By Mark Burnett
A number of years back, I owned a car with a seatbelt that automatically ran along a track and over my shoulder as soon as I closed my car door. It was one of the first of its kind and I thought it was very cool. The only problem was that you still had to manually pull the lap belt over to be completely safe (and not be decapitated in a crash). Unfortunately, the automated shoulder strap gave such a false sense of security that it was easy to neglect the lap belt.
That’s beginning to be the problem with patch management. Patch management used to be such a time-consuming, manual chore that it’s a great relief having so many tools to do it for you now. For many users, you can just turn on Automatic Updates and really not have to worry much. The only problem with this is that is makes it so easy to lapse into a false sense of security.
Home users can usually get away with this. But if you manage a network of systems for your organization, you really should spend some time knowing what’s going on with each month’s new patches.
There’s wisdom in the Knowledge Base
If you haven’t noticed, Microsoft has made some great improvements in their security bulletins and Knowledge Base articles concerning new patches. The articles used to be vague and defensive, but now are loaded with clear details outlining each vulnerability. It’s well worth the time to read these bulletins, even though you might already use a completely automated update-management solution.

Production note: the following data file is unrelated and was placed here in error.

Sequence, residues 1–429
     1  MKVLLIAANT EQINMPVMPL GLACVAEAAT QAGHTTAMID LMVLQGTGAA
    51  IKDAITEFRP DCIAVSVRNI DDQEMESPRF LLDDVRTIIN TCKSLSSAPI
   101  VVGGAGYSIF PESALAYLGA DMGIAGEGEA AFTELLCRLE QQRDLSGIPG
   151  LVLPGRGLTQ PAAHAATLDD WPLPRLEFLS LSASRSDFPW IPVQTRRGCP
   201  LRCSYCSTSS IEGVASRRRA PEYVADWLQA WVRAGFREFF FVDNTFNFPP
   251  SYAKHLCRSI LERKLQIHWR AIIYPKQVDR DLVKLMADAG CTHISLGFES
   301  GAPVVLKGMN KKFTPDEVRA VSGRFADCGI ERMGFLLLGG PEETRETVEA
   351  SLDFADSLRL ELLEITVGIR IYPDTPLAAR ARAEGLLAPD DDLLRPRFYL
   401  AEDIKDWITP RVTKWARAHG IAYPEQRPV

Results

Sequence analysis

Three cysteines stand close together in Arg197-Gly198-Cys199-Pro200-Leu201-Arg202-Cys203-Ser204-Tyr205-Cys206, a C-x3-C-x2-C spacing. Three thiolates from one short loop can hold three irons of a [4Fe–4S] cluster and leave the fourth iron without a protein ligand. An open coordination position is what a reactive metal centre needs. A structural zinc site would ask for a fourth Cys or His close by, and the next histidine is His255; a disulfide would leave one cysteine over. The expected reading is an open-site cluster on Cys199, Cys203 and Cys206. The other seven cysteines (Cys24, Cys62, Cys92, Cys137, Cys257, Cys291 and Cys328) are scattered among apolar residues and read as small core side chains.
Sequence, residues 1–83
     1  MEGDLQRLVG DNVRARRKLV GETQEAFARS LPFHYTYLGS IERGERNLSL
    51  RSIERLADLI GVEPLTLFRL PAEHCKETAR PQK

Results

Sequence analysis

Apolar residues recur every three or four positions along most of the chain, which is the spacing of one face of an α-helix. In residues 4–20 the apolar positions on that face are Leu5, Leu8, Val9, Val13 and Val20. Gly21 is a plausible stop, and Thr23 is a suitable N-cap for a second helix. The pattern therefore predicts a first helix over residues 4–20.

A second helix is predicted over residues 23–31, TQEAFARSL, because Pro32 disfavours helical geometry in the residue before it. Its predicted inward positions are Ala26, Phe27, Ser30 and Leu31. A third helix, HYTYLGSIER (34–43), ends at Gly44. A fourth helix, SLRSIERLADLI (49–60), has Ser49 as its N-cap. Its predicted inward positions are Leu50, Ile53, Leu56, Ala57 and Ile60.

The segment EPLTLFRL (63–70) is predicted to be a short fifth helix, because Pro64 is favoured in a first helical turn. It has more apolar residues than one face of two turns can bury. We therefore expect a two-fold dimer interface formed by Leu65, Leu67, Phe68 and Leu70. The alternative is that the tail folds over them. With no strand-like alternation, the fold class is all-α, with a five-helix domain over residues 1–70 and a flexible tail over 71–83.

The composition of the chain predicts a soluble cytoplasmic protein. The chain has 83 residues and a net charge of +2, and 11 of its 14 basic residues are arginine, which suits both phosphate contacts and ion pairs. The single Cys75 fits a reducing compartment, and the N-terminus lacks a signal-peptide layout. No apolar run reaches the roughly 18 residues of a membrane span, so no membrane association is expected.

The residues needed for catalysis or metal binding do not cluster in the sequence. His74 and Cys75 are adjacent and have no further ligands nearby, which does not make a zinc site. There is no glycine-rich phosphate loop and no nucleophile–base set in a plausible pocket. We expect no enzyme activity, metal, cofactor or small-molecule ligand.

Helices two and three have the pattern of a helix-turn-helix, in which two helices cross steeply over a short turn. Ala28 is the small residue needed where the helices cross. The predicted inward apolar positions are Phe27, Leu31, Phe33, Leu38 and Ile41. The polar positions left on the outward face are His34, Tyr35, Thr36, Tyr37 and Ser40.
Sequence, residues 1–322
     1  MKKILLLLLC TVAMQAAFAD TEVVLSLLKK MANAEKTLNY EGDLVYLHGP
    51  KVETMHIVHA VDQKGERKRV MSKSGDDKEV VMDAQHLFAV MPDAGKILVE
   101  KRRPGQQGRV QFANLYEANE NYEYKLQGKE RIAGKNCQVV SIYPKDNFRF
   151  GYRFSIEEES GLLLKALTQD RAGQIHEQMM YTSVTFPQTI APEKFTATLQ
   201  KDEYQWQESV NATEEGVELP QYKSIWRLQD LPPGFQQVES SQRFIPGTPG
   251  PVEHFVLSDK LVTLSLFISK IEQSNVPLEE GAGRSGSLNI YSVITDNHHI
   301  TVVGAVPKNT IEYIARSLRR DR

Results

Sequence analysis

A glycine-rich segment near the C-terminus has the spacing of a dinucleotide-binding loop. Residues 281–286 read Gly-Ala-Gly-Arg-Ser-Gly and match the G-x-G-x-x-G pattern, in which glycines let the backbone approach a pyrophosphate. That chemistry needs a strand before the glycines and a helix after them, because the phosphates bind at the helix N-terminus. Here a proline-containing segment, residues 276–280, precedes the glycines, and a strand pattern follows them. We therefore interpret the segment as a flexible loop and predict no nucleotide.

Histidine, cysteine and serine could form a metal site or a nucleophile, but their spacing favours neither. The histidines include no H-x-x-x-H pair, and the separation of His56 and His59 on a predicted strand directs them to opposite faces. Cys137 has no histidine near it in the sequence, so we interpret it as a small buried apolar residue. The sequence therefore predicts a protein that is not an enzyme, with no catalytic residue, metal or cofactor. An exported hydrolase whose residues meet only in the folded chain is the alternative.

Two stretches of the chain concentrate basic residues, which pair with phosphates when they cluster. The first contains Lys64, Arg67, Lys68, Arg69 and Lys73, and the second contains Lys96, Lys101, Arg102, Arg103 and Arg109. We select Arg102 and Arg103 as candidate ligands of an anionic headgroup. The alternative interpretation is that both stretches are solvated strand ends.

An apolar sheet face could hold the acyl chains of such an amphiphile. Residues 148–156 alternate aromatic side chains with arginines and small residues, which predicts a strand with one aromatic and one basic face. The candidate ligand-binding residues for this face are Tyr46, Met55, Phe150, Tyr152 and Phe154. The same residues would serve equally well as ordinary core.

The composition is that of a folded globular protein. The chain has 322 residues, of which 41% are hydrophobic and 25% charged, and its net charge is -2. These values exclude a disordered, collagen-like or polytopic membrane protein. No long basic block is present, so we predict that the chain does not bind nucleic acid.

These articles provide a good explanation of the security issue, offer workarounds, and explain factors that might mitigate the impact of the vulnerability. Occasionally, there are important notes that might greatly affect the impact of the vulnerability on your systems.
Sometimes, a vulnerability that’s critical for one environment may have no importance in another environment. In some cases, reading the article will make you realize you don’t even need to install the patch after all.
Creating a set of key information
Every Patch Tuesday, I have to create summary reports for various clients. It doesn’t take me long and it gives me a much greater understanding of the issues. The process is so informative that I recommend it for anyone in charge of managing more than a few systems.
Some of the information I look for is the severity rating of a patch, whether the patch requires a reboot or not, what files will be updated, what is the impact of the vulnerability, what mitigating factors might exist, and what other workarounds might be available.
After doing this month after month, I discovered some interesting facts. For example, I keep seeing the same mitigating factors and workarounds — patch after patch.
Even if the workarounds aren’t precisely the same, they follow the same best practices and are a great way to learn to think like a security expert. Another helpful benefit of understanding the issues is that it’ll be easier to recognize them if they happen to you.
Microsoft spends a lot of time now developing these articles and there’s a lot more information there to see. But a lot of people never read these useful tips because their whole patch-management process has become so automated.
Don’t let automation make you complacent
That’s the problem with many types of security — the more you automate it, the more you can forget about it. But the more you forget about it, the easier it is to pretend the problem isn’t there.